نتیجه گیری انگلیسی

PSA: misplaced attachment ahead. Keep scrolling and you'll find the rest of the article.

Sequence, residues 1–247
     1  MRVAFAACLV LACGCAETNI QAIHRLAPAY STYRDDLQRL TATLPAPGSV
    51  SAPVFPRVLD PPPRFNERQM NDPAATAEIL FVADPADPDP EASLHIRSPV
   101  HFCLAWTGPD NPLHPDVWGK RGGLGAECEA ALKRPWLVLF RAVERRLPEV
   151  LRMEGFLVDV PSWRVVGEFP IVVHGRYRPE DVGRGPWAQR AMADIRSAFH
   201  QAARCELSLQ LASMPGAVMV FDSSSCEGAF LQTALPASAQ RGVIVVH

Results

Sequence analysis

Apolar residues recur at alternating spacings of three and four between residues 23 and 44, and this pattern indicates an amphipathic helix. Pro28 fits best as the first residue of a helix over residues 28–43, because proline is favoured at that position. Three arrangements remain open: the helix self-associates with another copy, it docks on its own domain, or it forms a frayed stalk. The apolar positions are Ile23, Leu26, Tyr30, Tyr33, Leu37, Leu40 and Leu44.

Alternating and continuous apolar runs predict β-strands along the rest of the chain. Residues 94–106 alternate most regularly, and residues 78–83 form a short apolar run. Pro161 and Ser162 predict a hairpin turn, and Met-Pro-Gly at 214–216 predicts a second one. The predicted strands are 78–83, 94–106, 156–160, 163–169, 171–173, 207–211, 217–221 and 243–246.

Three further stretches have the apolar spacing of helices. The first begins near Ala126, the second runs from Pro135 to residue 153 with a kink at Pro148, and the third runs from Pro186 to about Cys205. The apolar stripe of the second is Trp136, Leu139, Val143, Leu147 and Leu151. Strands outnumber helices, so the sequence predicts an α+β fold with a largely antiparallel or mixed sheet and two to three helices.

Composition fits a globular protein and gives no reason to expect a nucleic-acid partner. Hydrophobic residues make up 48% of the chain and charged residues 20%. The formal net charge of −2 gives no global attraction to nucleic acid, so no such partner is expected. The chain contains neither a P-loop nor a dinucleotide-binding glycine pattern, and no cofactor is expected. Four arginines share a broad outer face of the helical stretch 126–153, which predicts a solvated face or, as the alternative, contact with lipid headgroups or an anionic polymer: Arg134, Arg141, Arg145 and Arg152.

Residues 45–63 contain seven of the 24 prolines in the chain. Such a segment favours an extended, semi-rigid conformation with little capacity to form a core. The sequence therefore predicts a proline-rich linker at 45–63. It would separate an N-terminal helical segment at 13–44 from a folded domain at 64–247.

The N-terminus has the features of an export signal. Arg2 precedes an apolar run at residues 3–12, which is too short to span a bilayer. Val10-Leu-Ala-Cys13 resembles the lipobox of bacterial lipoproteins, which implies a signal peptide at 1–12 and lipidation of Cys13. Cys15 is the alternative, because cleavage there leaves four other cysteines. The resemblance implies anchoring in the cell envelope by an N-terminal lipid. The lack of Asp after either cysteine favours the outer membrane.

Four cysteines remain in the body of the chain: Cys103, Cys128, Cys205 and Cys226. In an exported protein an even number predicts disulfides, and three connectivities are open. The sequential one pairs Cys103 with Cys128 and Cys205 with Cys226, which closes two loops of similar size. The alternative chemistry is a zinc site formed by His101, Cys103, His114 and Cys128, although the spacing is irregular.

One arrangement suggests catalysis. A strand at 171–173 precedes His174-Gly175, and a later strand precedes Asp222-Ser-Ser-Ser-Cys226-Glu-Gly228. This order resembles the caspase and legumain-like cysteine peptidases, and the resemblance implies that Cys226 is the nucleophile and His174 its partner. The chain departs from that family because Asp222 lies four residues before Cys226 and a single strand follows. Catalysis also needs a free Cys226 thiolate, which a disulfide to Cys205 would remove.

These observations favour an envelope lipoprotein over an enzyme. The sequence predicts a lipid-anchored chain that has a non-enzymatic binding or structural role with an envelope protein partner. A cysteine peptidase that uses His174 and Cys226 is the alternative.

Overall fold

Support for routing is a major element missing from current architectures for open electronic commerce. We described a proposal for routing documents on the Internet based on routing slips. The routing slips are a convenient metaphor for specifying flexible routing schemas and running asynchronous (flow-type) transactions. They can be specified in XRL, a markup language for defining a routing schema. Routing slips would be used for routing documents on the Web and implementing inter-organizational workflow systems. XRL is an extension to XML and enables efficient routing. This is an essential step towards the goal of creating truly intelligent documents on the Web, which contain semantic, routing, and permission information. XRL has a syntax similar to HTML and XML, and is easy to use and flexible. It should be noted that XRL is a routing language and does not have a data model to accompany it. This can be viewed both as a strength and weakness. It is a strength in that it isolates the modeling of control flows from the data modeling issues. After all, workflow modeling primarily involves modeling the control flows associated with the performance of information tasks. On the other hand, lack of a data model is a weakness in that it does not allow processing of workflows based on specific contents of the data in the documents that are being routed. Note that we do allow documents to be attached to the routing slips, but do not impose any structure or restrictions on the contents or format of these documents. Compared to routing mechanisms in commercial workflow systems such as SAP , XRL offers a lightweight and more affordable alternative. A conventional workflow solution only works in a closed environment where the client and server must be able to speak a proprietary language and the system integration is usually through an Application Programming Interface (API). XRL follows the design philosophy of HTML and XML, and may be applied to production, administrative, and ad hoc workflows . A detailed architecture for the document routing assistant required to support an implementation of XRL was given in Section 5. As a next step in this research, one of the authors has embarked on a project to develop a next version of XRL, which is entirely XML compliant . The advantage of doing so is to be able to take advantage of existing XML parsers to validate and parse the routing slip. Moreover, the newer version will add expressive power and overcome several shortcomings of the current version. XML is a markup language that allows users to define a set of tags, which specify the structure of a document  and . For example, a user may specify tags for name, age, department, email, etc. This logical structure may be stored either in the document file itself or in an associated file called the document type definition (or DTD) file. While XML can help in exchange of semantic information, it still lacks routing information. Such information is critical to enable proper routing of a document within an organization and across organizations. Finally, here is a list of future work we foresee in this area: •Support for negotiation described in Section 2 must also be added. •More work is required to develop a definition of routing completeness. How can we describe all routing scenarios? • A more formal approach for defining asynchronous transactions is required. • Implementation of the Document Routing Assistant (DRA).